Five Ideas To Get You To The Met Gala Next Time
By Karen and Erica
Sadly, neither of us was invited to the Met Gala. If we had been, what would we have worn? Probably none of Lady Gaga’s outfits—though she is one of our inspirations when it comes to image. But we think we could have come up with something. Here are five ideas to get you thinking about your own closet.
Unexpected sparkles. Many vintage stores have truly campy stuff. Karen bought an amazing man’s tuxedo jacket several decades ago—when it was already several decades old. Someone painted it with sparkly fish. It will never go out of style. It can be worn anywhere—to the Green Market, to work, and yes, even to the Met. It is a little large for a small person, but we don’t sweat the small stuff.
Unusual shoes. Along the same lines, Erica found in her closet some incredible shoes, also decades old, that are sparkly green and look as if they were made from fish scales, sort of like these. And what about Arabian slippers? They also would go with everything, and absolutely anywhere, don’t you think?
Net skirts. These are really a current clothing item, to be worn over something because they are totally see through. At the Met they would probably be worn over a nude bodysuit—or a nude body. We would wear them with leggings, or shorter skirts. A layer of color and contrast and fun. And slightly suggestive.
Long fishtail trains. These, of course, are difficult to wear while doing your normal activities. In fact they are usually worn only at your wedding. But we have two ideas we like—one, if you find a slinky one in a vintage store, crop it along its original lines so you can wear it out to dinner, and two, go see Gabrielle Carlson, who specializes in skirts and dresses with swooping hems that have the same effect as a fishtail. All in glorious colors, made for you, and reasonable.
Sculptural Bags. You’ve heard of Judith Lieber, of course, but there are a lot of other entertaining bags out there that are cheaper. You could build a campy outfit around one of them.
So where do we go for campy? We like vintage stores that are in places where fashionable people live. Preferable rich fashionable people because they dispose of their clothes so often. We are most familiar with locations in Manhattan, but we are starting to think we need to get to Williamsburg. Here are some we know, and some we don’t.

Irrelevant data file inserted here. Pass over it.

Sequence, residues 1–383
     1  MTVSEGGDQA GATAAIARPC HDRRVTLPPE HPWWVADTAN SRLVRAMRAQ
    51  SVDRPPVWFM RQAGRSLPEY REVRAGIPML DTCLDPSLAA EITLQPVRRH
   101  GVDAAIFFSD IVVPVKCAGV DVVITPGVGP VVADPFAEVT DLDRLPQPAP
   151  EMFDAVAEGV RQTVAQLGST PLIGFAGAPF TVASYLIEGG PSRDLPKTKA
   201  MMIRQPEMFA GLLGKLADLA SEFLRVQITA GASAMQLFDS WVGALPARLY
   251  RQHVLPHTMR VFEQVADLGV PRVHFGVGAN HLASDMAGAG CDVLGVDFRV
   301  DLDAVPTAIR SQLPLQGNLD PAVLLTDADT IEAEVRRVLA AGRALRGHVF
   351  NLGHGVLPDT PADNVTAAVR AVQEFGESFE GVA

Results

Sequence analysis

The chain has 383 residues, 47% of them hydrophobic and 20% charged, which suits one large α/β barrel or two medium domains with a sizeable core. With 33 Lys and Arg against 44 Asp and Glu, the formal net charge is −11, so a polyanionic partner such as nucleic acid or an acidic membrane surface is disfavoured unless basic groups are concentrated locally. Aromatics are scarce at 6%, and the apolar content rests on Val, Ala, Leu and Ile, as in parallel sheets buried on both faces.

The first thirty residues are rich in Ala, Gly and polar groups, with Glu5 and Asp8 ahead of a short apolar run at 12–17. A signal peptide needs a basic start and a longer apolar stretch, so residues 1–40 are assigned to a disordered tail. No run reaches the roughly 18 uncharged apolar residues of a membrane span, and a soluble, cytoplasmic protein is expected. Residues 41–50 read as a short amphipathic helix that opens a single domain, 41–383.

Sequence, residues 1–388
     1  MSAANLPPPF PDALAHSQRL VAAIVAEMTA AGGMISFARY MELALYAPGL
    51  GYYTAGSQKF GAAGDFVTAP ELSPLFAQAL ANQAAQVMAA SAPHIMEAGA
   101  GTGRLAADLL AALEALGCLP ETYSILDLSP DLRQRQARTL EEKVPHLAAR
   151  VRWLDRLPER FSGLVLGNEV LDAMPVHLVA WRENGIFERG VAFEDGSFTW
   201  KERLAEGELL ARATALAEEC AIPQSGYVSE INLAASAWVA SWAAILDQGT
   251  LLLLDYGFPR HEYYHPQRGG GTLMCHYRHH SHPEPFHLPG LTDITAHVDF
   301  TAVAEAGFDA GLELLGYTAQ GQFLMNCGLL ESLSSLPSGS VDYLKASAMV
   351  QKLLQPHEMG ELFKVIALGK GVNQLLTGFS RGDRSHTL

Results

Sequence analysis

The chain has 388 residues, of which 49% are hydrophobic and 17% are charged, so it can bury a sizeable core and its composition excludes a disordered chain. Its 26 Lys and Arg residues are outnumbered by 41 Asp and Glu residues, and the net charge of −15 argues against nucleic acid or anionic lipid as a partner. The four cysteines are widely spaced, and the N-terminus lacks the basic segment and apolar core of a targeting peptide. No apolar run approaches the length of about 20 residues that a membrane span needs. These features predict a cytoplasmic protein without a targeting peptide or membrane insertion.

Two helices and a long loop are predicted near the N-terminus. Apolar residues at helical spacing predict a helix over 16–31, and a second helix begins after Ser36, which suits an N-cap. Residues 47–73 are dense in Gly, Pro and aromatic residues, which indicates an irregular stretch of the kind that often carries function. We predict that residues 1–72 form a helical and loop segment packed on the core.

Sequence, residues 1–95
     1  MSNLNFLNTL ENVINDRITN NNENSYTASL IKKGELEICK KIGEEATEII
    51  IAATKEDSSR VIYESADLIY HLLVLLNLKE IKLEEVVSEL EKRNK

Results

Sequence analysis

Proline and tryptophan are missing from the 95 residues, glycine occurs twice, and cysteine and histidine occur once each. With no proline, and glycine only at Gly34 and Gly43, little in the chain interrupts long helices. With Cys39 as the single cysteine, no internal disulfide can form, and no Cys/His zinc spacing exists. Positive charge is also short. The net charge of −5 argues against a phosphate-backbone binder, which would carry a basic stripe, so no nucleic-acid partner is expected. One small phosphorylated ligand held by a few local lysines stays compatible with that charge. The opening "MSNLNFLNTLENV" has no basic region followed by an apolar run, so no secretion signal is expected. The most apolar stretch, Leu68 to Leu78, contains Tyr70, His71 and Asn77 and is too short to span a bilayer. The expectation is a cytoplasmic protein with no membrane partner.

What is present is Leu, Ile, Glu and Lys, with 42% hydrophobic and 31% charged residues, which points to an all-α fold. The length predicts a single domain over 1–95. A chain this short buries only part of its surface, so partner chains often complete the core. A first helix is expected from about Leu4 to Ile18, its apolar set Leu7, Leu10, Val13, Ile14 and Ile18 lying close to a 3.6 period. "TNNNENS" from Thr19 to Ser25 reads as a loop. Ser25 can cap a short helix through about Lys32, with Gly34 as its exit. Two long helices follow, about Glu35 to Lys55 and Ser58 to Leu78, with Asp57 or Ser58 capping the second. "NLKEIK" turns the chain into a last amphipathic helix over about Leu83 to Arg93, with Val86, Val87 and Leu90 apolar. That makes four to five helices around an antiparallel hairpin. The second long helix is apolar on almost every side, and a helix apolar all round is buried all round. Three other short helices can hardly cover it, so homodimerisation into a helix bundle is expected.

What Goes Around Comes Around. We love the Soho store on West Broadway, which has a glorious array of vintage kimonos (which would be perfect for any gala). Also vintage Chanel, and lots of other haute designers. Quite expensive, though, so usually we just look.
Beacon’s Closet. We go to the store on 13th street near Fifth. You need to spend some time digging, but you can find some treasures here for almost no money. We understand the biggest and best store is in Brooklyn, and we plan to go soon!
INA. INA falls in between the first two—not as high end as WGACA, but you can find some very cool designer bargains. A friend found the Issey Miyake dress of a lifetime in the Spring Street store—she’s six feet tall and this dress—long, turquoise with black dots on points of tortured fabric—made her look like a queen. A slightly funky queen. Another store full of slightly wild stuff is on East 13th Street.
Buffalo Exchange. The Buffalo Exchange store in Chelsea is near the Fashion Institute of Technology. (By the way, FIT has a really cool museum to visit after you shop.) We think that its proximity to young designers gives it some heft. You have to look, but we found some Dolce pants, made of fabric with huge red flowers on an azure background, for almost nothing.
City Opera Thrift Shop. This one can be pretty high end, but for a good cause. And it has lots more than clothes.
Let us know what you wear, where you wear it, and if you were the belle of the ball!